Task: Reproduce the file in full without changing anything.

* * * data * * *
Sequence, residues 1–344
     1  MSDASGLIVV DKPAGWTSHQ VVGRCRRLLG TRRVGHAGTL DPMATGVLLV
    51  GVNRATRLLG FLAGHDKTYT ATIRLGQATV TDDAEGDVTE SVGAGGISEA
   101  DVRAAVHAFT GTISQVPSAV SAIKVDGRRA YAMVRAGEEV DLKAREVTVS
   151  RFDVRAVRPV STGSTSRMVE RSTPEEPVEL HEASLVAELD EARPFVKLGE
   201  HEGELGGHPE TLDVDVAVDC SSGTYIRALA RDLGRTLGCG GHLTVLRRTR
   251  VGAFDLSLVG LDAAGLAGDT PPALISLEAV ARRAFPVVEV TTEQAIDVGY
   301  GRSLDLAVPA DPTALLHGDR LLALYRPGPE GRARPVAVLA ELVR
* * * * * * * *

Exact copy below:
Sequence, residues 1–344
     1  MSDASGLIVV DKPAGWTSHQ VVGRCRRLLG TRRVGHAGTL DPMATGVLLV
    51  GVNRATRLLG FLAGHDKTYT ATIRLGQATV TDDAEGDVTE SVGAGGISEA
   101  DVRAAVHAFT GTISQVPSAV SAIKVDGRRA YAMVRAGEEV DLKAREVTVS
   151  RFDVRAVRPV STGSTSRMVE RSTPEEPVEL HEASLVAELD EARPFVKLGE
   201  HEGELGGHPE TLDVDVAVDC SSGTYIRALA RDLGRTLGCG GHLTVLRRTR
   251  VGAFDLSLVG LDAAGLAGDT PPALISLEAV ARRAFPVVEV TTEQAIDVGY
   301  GRSLDLAVPA DPTALLHGDR LLALYRPGPE GRARPVAVLA ELVR